Jim Lehrer on the Debate: ‘I understand why people were a little stunned by some of it’

By Gail Shister 

Jim Lehrer to critics: Bring it.

PBS’s Lehrer today insisted that he’s unfazed by the avalanche of vitriolic responses to his moderator performance at Wednesday’s presidential debate, seen by an estimated 67 million Americans.

In Lehrer’s 12th presidential at-bat, critics blasted him for being too passive, allowing President Obama and Mitt Romney to steamroll him at will. Critics also said Lehrer’s questions were vague, and that they didn’t cover a broad enough range of issues.

“Everybody is welcome to criticize my questions, or anything else I did,” Lehrer, 78, says. “I have no problem with that. I knew, going in, this was not going to be easy. What the hell. … The next debate, people will tweet, tweet, tweet all over again. That’s terrific.”

Despite being constantly interrupted and talked over, Lehrer pronounced the new debate format — featuring 15-minute, wide-open segments for the candidates to directly address each other – a success.

“The format worked,” he says. “These guys were really talking to each other. Presidential candidates had never done that before. People, including the candidates, and including me, were used to a more controlled format, with two-minute answers.

“I played a different role than in the past. I was still the moderator, but it was a different kind of debate. I understand why people were a little stunned by some it. Over time, they’ll get used to it, and realize it works.”

The downside of the open format, Lehrer acknowledges, is that it’s virtually impossible to steer the candidates in a different direction or to get them to shut up.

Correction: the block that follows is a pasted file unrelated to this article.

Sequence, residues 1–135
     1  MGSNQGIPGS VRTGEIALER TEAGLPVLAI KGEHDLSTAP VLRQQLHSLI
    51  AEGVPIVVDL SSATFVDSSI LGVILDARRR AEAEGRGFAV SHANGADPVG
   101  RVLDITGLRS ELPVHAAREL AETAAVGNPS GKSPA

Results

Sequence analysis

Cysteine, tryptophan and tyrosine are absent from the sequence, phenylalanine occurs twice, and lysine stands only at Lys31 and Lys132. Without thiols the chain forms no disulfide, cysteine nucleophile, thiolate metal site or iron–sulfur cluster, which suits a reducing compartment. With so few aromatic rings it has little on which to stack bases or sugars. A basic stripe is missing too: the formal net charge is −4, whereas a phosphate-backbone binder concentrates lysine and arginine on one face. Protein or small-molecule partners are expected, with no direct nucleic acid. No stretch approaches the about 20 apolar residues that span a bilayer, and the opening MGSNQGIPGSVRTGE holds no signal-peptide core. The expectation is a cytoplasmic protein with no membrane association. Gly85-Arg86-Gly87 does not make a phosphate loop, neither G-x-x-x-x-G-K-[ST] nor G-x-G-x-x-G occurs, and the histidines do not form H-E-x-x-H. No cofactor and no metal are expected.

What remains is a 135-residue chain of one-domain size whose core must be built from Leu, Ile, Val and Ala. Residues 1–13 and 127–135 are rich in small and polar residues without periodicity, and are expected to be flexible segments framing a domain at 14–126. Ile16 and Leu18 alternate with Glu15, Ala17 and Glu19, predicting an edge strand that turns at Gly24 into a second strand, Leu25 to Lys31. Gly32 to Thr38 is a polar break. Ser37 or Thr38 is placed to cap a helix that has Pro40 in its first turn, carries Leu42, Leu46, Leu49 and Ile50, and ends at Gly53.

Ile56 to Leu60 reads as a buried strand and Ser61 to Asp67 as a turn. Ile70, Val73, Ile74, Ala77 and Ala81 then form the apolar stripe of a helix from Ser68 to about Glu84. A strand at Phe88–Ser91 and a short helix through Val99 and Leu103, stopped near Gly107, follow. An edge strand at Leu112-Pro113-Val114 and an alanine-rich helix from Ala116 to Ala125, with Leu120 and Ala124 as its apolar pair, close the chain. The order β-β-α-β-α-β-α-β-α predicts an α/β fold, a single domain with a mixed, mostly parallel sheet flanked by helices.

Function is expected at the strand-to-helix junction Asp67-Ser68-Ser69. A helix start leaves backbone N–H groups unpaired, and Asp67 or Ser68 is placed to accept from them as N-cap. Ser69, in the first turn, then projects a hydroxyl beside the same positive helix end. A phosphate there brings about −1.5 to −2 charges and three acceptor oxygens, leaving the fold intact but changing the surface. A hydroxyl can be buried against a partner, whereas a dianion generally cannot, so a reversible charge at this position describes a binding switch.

“I would hope the candidates themselves would do that,” says Lehrer, ever the optimist. “Certainly,

many times I was able to move them along. Many times, I couldn’t. There’s nothing you can do. You ask, you do your very best. If somebody doesn’t want to honor that request, they pay the price.

“Everybody saw what happened. ‘So-and-so wouldn’t stop talking.’ There are limits to what anybody can do to silence anybody. Yes, there were things I attempted to do. It’s just part of the process.”

As Lehrer has said in the past, presidential debates “are not about the damn moderator. The moderator is only there to facilitate exchanges about things that matter, not to show how tough he is or to get people to shut up. Debates aren’t for the moderator, or even the candidates. They’re for the voters.”

Lehrer has received “hundreds” of positive emails, he says. He won’t grade his own performance, and he won’t offer advice publicly to first-time moderators Candy Crowley of CNN and ABC’s Martha Raddatz. “If they ask, I’ll do it personally,” he says.

Any regrets? “Heavens, no. I went into it with eyes wide open, with soul wide open. I’m just very happy that so many Americans care this much about an election for President of the United States.”

Uh, one more tiny thing. After pronouncing last November, unequivocally, that he would not moderate another presidential debate, is Lehrer now willing to say he’s truly closed the door?

“I’m not going to say ‘unequivocally’ about anything anymore,” he says with a chuckle, “but it seems inconceivable to me that I’d do another presidential debate.”